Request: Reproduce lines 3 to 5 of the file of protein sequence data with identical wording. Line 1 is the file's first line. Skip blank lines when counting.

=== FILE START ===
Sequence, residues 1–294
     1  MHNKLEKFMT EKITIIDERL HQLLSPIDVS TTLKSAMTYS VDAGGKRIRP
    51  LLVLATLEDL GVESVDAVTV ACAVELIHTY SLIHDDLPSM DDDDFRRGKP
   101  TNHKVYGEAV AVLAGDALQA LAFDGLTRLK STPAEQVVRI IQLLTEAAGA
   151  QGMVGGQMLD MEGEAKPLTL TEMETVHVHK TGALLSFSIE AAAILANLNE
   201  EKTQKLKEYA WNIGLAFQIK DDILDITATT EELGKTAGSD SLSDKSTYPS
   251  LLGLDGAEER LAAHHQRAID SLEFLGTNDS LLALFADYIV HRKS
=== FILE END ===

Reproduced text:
    51  LLVLATLEDL GVESVDAVTV ACAVELIHTY SLIHDDLPSM DDDDFRRGKP
   101  TNHKVYGEAV AVLAGDALQA LAFDGLTRLK STPAEQVVRI IQLLTEAAGA
   151  QGMVGGQMLD MEGEAKPLTL TEMETVHVHK TGALLSFSIE AAAILANLNE